My sister and I often passed the time pretending to cook in her large barren pantry. Our concoctions, which may have passed for an actual meal in many local households, always involved a boiling pot of water with salt, pepper and whatever stale bread was on the shelves. Beneath the shelves, behind brown paper bags filled with other brown paper bags, were my father's empty whiskey bottles. His mother put much more effort into supporting her son’s habit than objecting to it. She believed he was all she had left in the world and she was keeping him with her however she could.

From my grandmother’s house, we’d head to my father’s favorite haunt, the Atlas bar. The Atlas had a tarnished chrome Art Deco entry that was out of tune with its current clientele. Filled with patrons after a shift change, though, its narrow dark interior did resemble a mine tunnel. This was where my father felt most at home. Without us, it probably would have been his home. It was a futile struggle to pull him away.

No matter the season or time of day, we never knew how long we’d be parked in front of the Atlas. After an hour, especially in winter, my mother would start honking the car horn which, of course, did nothing more than vent her frustration. After confirming yet again that the horn had absolutely no influence, she’d send me into the Atlas to get him.

I was about eight years old when she first insisted that I go. She coaxed me by saying he would only come out because I asked him. Quite an ego trip for an eight-year-old so I went with conviction. Eventually though, the reality of my surrogate role became obvious and I refused, saying that I hated the smell of stale whiskey. So my mother plied me with guilt. “Well, at least he’s not a mean drunk”, she’d say, implying that if I were a good daughter, I’d care enough to get him home.

It was clear to me by then, as I attempted to separate him from the thing he loved most, that my father had only one care in the world and it had nothing to do with us. Usually he’d just tell me to tell my mother, “to go to hell”. He’d come out when he was damn ready. Then I'd argue with her about other options like divorce or, at least, leaving him at the Atlas. All this accomplished was to convince her I was a renegade copy of my father and she now had two pig-heads on her hands.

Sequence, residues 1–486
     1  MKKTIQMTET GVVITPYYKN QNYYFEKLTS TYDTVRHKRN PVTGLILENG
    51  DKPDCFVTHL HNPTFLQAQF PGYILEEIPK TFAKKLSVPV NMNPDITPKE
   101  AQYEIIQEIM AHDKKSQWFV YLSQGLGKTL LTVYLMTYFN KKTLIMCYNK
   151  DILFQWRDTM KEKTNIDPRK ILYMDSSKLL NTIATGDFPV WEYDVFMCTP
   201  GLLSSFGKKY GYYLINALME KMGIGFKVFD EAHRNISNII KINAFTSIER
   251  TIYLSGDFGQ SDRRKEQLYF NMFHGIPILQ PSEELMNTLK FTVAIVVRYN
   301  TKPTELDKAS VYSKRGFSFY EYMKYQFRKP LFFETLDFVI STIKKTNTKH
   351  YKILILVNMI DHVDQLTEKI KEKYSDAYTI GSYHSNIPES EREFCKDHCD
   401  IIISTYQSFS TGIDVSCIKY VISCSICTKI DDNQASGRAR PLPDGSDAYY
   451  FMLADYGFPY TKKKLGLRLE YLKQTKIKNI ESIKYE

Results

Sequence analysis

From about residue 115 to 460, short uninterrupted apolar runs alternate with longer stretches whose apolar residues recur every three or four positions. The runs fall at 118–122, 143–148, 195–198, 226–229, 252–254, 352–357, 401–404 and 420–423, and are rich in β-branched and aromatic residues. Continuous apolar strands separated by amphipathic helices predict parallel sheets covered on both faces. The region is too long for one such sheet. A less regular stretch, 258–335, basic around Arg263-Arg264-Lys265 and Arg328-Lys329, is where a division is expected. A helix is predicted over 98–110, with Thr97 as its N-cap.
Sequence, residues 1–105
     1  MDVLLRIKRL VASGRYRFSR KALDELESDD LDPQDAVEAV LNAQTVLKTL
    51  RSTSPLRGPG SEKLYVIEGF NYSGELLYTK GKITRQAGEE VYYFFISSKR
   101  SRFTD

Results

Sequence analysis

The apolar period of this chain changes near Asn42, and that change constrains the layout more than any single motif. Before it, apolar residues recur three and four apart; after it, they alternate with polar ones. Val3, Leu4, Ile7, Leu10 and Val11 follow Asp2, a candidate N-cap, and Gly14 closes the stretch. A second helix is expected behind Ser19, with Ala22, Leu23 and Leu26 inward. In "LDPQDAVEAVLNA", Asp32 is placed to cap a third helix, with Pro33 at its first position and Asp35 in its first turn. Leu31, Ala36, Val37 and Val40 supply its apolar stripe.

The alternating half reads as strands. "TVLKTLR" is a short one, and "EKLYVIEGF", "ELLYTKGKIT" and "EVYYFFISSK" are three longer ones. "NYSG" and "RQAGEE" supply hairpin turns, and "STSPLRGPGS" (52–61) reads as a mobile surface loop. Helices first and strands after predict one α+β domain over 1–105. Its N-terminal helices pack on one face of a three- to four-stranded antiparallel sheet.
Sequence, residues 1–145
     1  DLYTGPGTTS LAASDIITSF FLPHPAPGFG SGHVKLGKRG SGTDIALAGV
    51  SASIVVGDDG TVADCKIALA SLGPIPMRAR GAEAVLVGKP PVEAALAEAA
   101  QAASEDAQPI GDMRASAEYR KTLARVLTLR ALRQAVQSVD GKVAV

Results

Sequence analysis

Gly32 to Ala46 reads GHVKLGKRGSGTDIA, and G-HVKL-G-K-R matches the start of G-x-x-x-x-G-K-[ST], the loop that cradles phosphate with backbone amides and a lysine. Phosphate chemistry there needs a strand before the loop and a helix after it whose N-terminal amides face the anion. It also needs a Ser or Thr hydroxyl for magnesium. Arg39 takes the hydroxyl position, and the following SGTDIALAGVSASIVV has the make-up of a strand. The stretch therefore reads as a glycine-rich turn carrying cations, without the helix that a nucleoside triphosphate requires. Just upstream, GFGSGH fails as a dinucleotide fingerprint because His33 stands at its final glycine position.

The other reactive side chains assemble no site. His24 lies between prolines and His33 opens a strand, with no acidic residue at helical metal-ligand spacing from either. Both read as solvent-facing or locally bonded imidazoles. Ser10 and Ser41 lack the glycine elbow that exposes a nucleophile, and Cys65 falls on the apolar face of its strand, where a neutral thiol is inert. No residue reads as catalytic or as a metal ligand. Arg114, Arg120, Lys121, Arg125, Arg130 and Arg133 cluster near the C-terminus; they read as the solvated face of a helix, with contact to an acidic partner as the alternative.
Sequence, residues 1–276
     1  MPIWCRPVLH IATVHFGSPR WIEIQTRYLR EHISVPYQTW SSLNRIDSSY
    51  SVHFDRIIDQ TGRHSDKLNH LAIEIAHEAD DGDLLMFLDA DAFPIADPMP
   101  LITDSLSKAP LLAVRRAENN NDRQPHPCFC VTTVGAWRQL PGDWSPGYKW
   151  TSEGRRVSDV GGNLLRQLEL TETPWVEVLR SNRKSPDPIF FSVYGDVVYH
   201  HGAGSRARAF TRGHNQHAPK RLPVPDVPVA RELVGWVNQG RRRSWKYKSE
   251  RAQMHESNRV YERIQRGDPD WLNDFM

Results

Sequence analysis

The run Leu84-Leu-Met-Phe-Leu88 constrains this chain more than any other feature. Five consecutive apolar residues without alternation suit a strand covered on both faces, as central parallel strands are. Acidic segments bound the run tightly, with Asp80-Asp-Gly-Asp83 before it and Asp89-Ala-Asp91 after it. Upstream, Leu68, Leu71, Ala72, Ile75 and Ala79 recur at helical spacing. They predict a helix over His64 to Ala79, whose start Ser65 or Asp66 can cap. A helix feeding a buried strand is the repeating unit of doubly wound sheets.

During the horn-blowing segment of this script, one of my father’s friends often stumbled over to the car to impress us with the loveliness of Ireland and the holiness of the Catholic Church. Jimmy Harrington, one of the oldest cronies, had a brogue so heavy we often didn’t understand him. My mother nodded occasionally and he never seemed the wiser.

One frigid night through an open crack at the top of the car window, he told us we had the patience of a Saint and would surely be rewarded in Heaven for such willing acceptance of Hell on Earth. Then he smiled, tipped his cap to the virtues of our martyrdom, and proclaimed what a lucky asshole my father was to have us.

Such sacrifice will surely be worthless on Judgment Day, but it felt good to finally hear someone notice that this was a lot to ask of a child.

Cheese Country Tours ~ Cowgirl Creamery

Cowgirl Creamery MT Tam Cheese in Brine
A herd of MT Tam cheeses float in brine
At every cheese-related event I’ve attended, at least one person has said that they fell in love with cheese on a Cowgirl Creamery Tour. Every time I take a tour there myself, I understand another aspect of why that happens.